Each family head was allowed to take two yokes of oxen, one cow, one yearling steer, three pigs, three chickens, 3 cats and provision sufficient for two years. I remember how my father, John Dolton, rigged up a harness for our pigs beneath the wagon and they were quite a help to us. Why they pulled like good fellows. Every morning before our start the housewives filled their churns and stowed them away in the wagons. The rough jostling along the ground throughout the day caused the butter to gather. That was the manner in which it churned. They were but five in my family, father, mother, two brothers, and myself, the youngest child. We had plenty of sour milk to spare. It was one of my tasks to supply the pigs with a panful when we stopped. They grew to look for their refreshments and would squeal and strain at their harness when they saw me coming with bucket and pan.

On the plains the baffaloes roamed by thousands and our young men kept us well supplied with fresh meat. Once the beasts stamped a part of our train and a team ran away breaking the hip of a woman who lay inside the wagon with a new born baby. Once day each week we made stons to jerk the meat we had and afterwords we had a dance in the evening. I was always fond of dancing and it has only been within the last few years that I have quit attending so many of my neighborhood frolics. Life was meant for us to enjoy.

When we came to the Platte river we entered a dangerous country. The Indians were plentiful and the emigrants kept closely together. Each day 12 men were picked to ride ahead of the train and locate the best mail for the rest of us. An upright stick driven into the ground with a white rag fastened securely in its forked end told us the way was good: two white rags meant that we would be compelled to ford a creek, and three white pieces of cloth told us a river was in front and we must bridge it.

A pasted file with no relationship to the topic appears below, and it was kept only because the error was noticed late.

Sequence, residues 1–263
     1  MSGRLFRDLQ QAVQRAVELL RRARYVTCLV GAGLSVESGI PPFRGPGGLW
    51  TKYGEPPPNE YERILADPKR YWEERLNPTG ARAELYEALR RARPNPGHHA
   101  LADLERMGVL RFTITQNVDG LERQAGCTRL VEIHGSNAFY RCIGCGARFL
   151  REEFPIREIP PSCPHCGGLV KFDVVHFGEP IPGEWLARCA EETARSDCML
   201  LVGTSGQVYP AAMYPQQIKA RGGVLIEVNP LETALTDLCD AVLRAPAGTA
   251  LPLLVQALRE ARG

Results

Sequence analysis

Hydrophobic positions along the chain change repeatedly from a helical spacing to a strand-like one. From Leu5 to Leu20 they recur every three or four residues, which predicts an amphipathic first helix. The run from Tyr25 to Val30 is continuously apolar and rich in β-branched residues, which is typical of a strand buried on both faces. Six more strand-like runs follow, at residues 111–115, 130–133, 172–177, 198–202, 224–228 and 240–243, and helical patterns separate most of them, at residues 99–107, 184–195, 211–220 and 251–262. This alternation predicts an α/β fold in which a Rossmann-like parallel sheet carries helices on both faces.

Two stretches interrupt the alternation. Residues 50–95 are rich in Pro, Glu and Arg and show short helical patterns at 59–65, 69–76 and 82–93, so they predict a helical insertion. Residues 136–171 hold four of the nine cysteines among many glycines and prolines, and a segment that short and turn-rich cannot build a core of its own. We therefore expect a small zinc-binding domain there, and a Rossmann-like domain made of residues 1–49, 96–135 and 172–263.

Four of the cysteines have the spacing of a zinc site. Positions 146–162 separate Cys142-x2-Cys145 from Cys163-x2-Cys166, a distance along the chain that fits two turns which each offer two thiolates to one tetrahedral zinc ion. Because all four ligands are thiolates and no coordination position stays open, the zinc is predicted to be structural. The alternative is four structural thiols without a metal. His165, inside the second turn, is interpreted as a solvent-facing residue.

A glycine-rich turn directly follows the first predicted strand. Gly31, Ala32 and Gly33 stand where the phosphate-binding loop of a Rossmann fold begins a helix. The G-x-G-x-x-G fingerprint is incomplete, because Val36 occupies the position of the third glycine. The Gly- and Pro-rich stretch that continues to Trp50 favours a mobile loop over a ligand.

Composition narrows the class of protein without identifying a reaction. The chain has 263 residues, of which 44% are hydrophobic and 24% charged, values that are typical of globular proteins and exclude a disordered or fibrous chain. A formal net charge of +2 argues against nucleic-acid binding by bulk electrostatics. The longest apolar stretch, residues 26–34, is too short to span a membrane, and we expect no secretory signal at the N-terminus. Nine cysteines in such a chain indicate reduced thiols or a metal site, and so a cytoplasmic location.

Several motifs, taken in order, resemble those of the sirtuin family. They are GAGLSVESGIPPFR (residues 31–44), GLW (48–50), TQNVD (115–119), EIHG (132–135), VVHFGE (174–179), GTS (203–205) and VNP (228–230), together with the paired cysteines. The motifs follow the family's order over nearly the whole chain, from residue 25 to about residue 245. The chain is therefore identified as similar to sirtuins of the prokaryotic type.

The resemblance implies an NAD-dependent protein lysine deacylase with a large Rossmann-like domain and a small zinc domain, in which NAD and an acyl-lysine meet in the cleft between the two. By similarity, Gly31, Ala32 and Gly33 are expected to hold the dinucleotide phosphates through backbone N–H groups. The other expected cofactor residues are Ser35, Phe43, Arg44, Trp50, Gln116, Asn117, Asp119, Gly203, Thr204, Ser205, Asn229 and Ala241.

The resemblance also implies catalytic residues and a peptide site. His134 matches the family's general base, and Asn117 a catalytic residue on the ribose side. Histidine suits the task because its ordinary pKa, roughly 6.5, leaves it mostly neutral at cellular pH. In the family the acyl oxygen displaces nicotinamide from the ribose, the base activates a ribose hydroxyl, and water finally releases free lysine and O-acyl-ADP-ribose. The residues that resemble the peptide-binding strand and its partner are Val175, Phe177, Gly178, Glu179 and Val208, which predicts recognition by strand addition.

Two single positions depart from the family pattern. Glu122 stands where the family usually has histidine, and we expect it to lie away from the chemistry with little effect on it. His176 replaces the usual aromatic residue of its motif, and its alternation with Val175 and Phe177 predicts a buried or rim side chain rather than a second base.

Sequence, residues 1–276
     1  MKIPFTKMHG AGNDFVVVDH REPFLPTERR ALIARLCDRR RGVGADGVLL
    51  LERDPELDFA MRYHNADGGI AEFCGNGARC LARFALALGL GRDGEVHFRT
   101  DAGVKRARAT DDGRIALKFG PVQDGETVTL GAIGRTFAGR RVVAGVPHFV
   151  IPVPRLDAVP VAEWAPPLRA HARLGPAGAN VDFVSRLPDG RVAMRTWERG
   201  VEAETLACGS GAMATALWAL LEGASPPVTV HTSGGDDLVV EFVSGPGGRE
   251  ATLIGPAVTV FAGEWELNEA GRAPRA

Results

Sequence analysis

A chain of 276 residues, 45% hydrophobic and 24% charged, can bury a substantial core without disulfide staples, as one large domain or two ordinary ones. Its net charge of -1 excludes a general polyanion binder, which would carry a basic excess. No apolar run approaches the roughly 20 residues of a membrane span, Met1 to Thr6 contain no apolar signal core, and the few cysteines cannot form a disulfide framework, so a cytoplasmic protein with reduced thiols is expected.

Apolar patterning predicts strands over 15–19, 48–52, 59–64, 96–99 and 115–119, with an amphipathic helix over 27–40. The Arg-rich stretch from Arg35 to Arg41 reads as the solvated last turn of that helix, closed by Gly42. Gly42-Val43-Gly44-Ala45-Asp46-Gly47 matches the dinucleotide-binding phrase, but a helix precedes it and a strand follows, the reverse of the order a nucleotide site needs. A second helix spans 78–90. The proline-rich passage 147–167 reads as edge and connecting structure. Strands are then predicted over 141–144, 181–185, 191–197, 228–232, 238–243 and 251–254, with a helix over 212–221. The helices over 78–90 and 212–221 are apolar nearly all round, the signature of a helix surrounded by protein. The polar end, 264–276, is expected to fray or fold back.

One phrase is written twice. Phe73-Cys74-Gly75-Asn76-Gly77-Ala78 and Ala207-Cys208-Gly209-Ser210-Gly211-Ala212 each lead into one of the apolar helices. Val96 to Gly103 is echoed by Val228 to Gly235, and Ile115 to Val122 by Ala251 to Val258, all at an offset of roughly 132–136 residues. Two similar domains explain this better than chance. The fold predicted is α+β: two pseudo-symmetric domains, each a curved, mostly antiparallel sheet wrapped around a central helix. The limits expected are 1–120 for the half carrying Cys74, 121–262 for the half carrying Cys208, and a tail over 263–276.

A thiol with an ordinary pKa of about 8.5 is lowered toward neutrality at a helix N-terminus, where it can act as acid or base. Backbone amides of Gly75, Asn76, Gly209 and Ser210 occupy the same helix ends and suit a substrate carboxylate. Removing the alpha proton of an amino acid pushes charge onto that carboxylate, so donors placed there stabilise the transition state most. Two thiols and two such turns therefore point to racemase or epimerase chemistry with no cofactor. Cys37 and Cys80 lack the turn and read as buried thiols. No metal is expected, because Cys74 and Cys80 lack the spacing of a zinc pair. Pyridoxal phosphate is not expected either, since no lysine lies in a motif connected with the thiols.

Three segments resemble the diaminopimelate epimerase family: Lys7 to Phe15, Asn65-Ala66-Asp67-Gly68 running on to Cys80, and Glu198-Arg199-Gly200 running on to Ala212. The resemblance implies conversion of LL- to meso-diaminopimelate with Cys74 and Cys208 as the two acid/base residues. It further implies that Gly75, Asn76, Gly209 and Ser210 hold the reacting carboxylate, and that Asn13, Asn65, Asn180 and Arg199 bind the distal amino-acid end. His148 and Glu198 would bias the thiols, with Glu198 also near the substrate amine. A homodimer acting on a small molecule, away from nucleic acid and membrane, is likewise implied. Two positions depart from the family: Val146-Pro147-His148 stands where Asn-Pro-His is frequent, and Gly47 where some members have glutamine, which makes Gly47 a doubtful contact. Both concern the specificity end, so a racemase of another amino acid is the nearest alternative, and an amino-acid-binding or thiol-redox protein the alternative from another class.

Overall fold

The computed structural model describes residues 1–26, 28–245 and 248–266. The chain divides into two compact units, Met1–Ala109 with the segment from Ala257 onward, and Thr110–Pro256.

Now, there was fastened beneath the bed of every wagon a sort of boat and when we arrived at a stream requiring bridging the wagons were taken apart and the running gears shoved out into the water with the boats alternating and all jashed together. Then the wagon boards were laid upon this foundation and the women and children crossed over to the opposite side with our household goods, the men following with the stock and in a little while we were again on the way. 

When evening came the wagons were placed tongues to the rear of the wagon beds just in front in such a way as to form a huge circle, in the center of which a fire was built and the stock driven inside. Wood there was none, and the women and children, an hour or so before the night halt-scattered themselves along on both sides of the train with bags and sacks to gather buffalo chips with which to cook and heat the camp.

My first view of Salt lake was July, 1847. There it lay before my eyes, a beautiful sight, to we weary pilgrims it was indeed the promised land, for we believed Brigham Young implicitly. We were several days getting down into the valley for the mountain benches were heaped with boulders. Time and again the emigrants lowered their wagons over cliffs with ropes and the stock led down by a roundabout way.